A 127-year-old farthing has been discovered under the mast of the HMS Victory, the flagship of Lord Nelson.

Conservation workers had found it after the mast was removed for restoration back in May.

It was likely that the Victorian-era coin, which dates back to 1894, was placed there for good luck.

As part of Trafalgar Day, to celebrate the British victory over French and Spanish fleets back in 1805 under the command of Vice-Admiral Horatio Nelson, it will go on display at the National Museum of the Royal Navy (NMRN) next to Victory’s dry dock at Portsmouth Historic Dockyard.

At the time of it being placed under the mast it would have been worth a quarter of a penny, and in present time would have a value of 0.1p.

Diana Davis, head of conservation at the NMRN, told the PA News Agency: “I excavated it from the shim on the mast base plate with a leaf trowel and scalpel, after recording and drawing it in situ.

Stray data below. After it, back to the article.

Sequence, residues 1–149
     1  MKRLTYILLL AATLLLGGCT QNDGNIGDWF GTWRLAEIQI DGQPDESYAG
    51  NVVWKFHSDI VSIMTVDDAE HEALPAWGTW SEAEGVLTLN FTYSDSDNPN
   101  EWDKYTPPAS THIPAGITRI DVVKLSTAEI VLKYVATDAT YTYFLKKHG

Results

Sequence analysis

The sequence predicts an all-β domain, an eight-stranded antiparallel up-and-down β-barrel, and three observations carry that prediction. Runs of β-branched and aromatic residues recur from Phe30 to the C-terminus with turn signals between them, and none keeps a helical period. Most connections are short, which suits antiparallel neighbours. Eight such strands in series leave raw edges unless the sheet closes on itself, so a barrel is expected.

“Then, in the laboratory, I removed as much of the corrosion as possible without damaging the patinated copper alloy surface.

“There has been a little bit of loss to the coin’s surface from the impact of the mast with upwards of 21 tonnes resting on it, but I was able to clean enough of the sound surface to uncover the lighthouse to the lower left side of Britannia, allowing us to date it as an 1894 farthing.

“It’s been one of the more unusual projects I’ve worked on – being the first person to see the coin in over 120 years.”